Pet Health Topic for December 2004:
Holiday Pet Poison Prevention Tips
from the ASPCA Animal Poison Control Center

The holidays are a time to eat, drink, decorate, and share good times with friends and family. However, the same treats and trimmings considered harmless for humans can be hazardous to your pet’s health. The ASPCA Animal Poison Control Center offers pet owners these helpful hints to keep their pets happy and healthy during the holiday season.

Holiday sweets with chocolate are not for pets. Depending on the dose ingested, chocolate (bakers, semi-sweet, milk, and dark) can be potentially poisonous to many animals. In general, the less sweet the chocolate, the more toxic it could be. In fact, unsweetened baking chocolate contains almost seven times more theobromine as milk chocolate. Vomiting, diarrhea, seizures, hyperactivity, and increased thirst, urination, and heart rate can be seen with the ingestion of as little as 1/4 ounce of baking chocolate by a 10-pound dog. 

  • Keep your pet on its normal diet. Any change of diet, even for one meal, may give your dog or cat severe indigestion and diarrhea. This is particularly true for older animals that have more delicate digestive systems and particular nutritional requirements.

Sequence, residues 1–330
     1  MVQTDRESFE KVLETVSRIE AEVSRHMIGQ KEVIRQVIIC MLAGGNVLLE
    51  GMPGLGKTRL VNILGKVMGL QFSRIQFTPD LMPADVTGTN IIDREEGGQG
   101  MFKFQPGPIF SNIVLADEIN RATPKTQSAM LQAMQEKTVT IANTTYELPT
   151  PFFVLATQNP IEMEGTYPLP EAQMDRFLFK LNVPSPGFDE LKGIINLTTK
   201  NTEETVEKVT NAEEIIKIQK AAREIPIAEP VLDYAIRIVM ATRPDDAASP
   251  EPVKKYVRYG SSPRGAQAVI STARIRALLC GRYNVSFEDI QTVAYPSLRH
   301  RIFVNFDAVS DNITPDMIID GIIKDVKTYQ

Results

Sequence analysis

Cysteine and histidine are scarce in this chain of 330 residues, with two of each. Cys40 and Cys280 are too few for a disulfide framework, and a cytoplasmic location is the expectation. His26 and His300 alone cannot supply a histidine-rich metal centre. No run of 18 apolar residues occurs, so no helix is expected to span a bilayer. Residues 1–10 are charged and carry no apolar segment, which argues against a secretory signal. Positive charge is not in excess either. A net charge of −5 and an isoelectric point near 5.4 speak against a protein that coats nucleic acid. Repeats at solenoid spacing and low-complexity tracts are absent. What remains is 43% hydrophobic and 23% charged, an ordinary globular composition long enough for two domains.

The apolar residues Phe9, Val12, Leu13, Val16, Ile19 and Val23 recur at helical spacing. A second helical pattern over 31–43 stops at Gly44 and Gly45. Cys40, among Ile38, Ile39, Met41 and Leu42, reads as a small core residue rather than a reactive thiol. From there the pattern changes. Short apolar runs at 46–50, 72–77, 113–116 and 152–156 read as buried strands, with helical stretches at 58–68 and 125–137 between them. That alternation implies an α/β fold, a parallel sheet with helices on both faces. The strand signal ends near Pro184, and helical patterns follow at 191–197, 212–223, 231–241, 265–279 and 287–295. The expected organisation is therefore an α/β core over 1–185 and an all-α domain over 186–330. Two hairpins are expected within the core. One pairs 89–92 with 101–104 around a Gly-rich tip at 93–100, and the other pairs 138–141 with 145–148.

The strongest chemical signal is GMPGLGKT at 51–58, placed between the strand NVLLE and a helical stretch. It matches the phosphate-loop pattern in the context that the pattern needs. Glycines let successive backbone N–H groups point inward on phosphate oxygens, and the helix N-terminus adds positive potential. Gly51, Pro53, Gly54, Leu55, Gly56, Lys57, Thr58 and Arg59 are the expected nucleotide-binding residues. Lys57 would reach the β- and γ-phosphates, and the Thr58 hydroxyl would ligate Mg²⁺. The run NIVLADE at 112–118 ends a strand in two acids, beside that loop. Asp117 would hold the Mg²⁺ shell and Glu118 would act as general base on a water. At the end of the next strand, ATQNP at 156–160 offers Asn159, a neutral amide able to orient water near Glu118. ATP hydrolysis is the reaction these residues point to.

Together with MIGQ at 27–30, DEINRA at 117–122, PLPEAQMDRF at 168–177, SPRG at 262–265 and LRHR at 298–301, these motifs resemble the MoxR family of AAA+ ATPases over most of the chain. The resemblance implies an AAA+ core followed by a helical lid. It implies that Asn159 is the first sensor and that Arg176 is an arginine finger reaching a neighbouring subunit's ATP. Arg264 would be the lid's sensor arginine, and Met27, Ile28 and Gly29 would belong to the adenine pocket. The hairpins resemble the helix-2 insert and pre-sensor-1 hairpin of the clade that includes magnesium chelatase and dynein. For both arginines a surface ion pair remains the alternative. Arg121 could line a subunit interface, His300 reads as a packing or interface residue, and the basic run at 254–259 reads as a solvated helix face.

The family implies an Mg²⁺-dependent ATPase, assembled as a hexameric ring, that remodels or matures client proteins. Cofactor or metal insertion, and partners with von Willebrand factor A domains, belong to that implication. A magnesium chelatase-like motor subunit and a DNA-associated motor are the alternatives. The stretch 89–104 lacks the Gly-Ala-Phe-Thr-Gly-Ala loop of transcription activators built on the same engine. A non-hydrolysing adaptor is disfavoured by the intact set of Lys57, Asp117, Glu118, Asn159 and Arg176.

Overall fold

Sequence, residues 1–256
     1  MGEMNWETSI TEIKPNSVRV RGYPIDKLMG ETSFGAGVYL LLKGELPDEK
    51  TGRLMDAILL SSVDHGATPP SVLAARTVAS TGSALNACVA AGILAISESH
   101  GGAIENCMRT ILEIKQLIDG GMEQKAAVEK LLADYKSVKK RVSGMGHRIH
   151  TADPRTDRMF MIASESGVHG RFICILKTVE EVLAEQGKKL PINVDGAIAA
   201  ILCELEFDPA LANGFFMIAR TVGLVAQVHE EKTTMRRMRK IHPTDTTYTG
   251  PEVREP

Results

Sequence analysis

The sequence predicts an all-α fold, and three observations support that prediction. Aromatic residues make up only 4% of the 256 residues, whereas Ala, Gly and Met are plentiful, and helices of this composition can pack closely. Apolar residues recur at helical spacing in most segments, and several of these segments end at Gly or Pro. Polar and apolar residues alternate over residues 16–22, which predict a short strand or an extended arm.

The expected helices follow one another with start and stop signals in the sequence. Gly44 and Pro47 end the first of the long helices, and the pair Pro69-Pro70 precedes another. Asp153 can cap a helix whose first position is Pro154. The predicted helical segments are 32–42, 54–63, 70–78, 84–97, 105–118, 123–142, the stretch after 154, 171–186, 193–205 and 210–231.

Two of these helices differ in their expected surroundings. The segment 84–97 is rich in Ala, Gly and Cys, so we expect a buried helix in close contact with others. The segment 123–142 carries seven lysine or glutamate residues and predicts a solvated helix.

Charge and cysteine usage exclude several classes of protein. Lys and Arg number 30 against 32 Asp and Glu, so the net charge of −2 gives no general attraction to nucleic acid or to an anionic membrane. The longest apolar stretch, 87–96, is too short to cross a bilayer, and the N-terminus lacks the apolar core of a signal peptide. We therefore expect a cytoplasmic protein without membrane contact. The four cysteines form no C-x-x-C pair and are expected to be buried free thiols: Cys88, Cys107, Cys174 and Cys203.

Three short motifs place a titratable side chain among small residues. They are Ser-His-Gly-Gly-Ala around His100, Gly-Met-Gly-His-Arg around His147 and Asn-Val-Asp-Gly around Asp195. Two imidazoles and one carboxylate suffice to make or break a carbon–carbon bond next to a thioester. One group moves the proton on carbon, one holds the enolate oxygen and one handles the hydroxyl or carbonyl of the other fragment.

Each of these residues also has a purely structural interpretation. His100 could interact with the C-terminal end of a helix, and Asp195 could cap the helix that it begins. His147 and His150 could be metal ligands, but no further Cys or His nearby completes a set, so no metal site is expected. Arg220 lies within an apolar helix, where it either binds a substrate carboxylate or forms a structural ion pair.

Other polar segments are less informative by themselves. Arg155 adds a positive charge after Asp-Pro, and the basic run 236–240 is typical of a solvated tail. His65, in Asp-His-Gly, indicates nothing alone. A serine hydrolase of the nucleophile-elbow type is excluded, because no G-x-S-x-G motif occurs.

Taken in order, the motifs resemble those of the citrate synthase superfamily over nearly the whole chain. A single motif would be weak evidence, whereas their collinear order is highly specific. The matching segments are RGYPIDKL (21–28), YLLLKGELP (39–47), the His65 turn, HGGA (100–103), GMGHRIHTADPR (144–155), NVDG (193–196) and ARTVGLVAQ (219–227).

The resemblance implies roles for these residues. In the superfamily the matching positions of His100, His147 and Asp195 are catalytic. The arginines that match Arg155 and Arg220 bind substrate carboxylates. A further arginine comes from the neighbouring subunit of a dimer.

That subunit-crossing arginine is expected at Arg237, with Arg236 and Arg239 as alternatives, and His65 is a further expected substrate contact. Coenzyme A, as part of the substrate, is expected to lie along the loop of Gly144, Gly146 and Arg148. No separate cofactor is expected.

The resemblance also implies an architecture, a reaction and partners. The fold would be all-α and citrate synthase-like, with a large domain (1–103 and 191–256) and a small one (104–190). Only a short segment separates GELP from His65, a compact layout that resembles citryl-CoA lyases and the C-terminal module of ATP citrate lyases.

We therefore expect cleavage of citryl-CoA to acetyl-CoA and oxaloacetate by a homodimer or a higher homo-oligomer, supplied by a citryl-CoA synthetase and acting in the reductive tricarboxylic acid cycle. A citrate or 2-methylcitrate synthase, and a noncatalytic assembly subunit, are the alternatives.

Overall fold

• Don’t give pets holiday leftovers and keep pets out of the garbage. Poultry bones can splinter and cause blockages. Greasy, spicy, and fatty foods can cause stomach upset; spoiled or moldy foods could cause food poisoning signs, tremors, or seizures.
  • Alcohol and pets do NOT mix. Place unattended alcoholic drinks where pets cannot reach them. If ingested, the animal could become very sick and weak and may go into a coma, possibly resulting in death from respiratory failure.
  • Keep aluminum foil and cellophane candy wrappers away from pets. They can cause vomiting and intestinal blockage.
  • Be careful with holiday floral arrangements. Lilies are commonly used and all varieties, including Tiger, Asian, Japanese Show, Stargazer, and Casa Blanca, can cause kidney failure in cats. Safe alternatives can include artificial flowers made from silk or plastic.
  • Common Yuletide plants such as mistletoe and holly berries can be potentially toxic to pets. Should a cat or dog eat mistletoe, they could possibly suffer gastrointestinal upset and cardiovascular problems. Holly can cause vomiting, nausea, diarrhea, and lethargy if ingested.
  • Poinsettias are considered to be very low in toxicity. However, they could cause mild vomiting or nausea if ingested by your pet. 
  • Christmas tree water may contain fertilizers which, if ingested, can cause stomach upset. Stagnant tree water can also act as a breeding ground for bacteria and if ingested a pet could end up with nausea, vomiting, and diarrhea.
  •  If ingested, decorations such as ribbons or tinsel can become lodged in the intestines and cause intestinal obstruction. This is a very common problem, particularly with cats.
  • Consider decorating your tree with ornaments that are relatively less enticing to pets, such as dried non-toxic flowers, wood, fabric, or pinecones.

 

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